Move Over, IT. Here Comes ET, Energy Technology - InformationWeek

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IoT
IoT
Infrastructure // PC & Servers
Commentary
9/9/2008
03:00 PM
Cora Nucci
Cora Nucci
Commentary
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Move Over, IT. Here Comes ET, Energy Technology

Job losses. Foreclosures. High energy costs. An unstable world economy. The bad news keeps coming. But a critically important new industry may hold the keys to economic recovery -- IF it can find sufficient investment and legislative support.

Job losses. Foreclosures. High energy costs. An unstable world economy. The bad news keeps coming. But a critically important new industry may hold the keys to economic recovery -- IF it can find sufficient investment and legislative support.The potential for real growth is in clean technologies like solar, wind, and advanced biofuels.

Telecom, media, and technology workers may still feel bullish on their career prospects, but they may be kidding themselves. Monday brought word of more job losses.

Where to look next?

"…renewable energy technologies -- what I call "E.T." -- are going to constitute the next great global industry. They will rival and probably surpass "I.T." -- information technology. The country that spawns the most E.T. companies will enjoy more economic power, strategic advantage and rising standards of living,"

writes New York Times columnist Tom Freidman.

A report published Tuesday by the Center for American Progress outlines a Green Recovery program that calls for spending $100 billion over two years to create 2 million new jobs. Those jobs would come from directing funding toward six energy efficiency and renewable energy strategies:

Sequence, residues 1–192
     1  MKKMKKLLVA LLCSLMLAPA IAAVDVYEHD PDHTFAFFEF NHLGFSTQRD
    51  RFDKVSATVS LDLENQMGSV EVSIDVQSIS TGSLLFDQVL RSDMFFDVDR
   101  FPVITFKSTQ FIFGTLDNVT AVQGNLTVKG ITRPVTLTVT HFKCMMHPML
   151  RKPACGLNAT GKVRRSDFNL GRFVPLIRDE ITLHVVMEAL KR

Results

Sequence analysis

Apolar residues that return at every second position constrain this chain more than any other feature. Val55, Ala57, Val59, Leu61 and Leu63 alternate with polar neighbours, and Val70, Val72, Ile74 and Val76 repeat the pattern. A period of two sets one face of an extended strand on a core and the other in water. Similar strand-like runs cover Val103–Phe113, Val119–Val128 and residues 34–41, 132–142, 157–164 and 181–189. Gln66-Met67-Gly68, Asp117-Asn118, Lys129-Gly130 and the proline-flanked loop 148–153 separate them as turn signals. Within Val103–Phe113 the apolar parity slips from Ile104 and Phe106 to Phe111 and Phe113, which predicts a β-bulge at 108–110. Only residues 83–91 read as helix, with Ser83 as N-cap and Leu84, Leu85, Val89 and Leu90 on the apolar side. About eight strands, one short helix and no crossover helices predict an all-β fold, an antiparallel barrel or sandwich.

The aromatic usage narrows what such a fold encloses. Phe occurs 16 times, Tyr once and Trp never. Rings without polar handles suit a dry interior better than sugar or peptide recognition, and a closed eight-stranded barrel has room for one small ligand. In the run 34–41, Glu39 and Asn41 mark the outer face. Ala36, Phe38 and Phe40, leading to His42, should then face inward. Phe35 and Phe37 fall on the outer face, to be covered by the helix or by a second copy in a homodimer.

• Retrofitting buildings to increase energy efficiency
  • Expanding mass transit and freight rail
  • Constructing "smart" electrical grid transmission systems
  • Wind power
  • Solar power
  • Advanced biofuels

But unless Congress acts quickly to extend investment tax credits for installing solar energy and production tax credits for building wind turbines and other energy-efficiency systems, the optimistic plan outlined in this report is a non-starter. As it stands, the tax credits expire on December 31. Without them, financing for many ventures is in limbo.

Friedman reports:

In the solar industry today there is a rush to finish any project that would be up and running by Dec. 31 -- when the credits expire -- and most everything beyond that is now on hold. Consider the Solana concentrated solar power plant, 70 miles southwest of Phoenix … It is the biggest proposed concentrating solar energy project ever. The farsighted local utility is ready to buy its power.

But because of the Senate's refusal to extend the solar tax credits, "we cannot get our bank financing," said Fred Morse, a senior adviser for the American operations of Abengoa Solar, which is building the project. "Without the credits, the numbers don't work." Some 2,000 construction jobs are on hold.

The fledgling energy technology industry that is so vital to the global economy is ready to go. What it needs now is a strong push.

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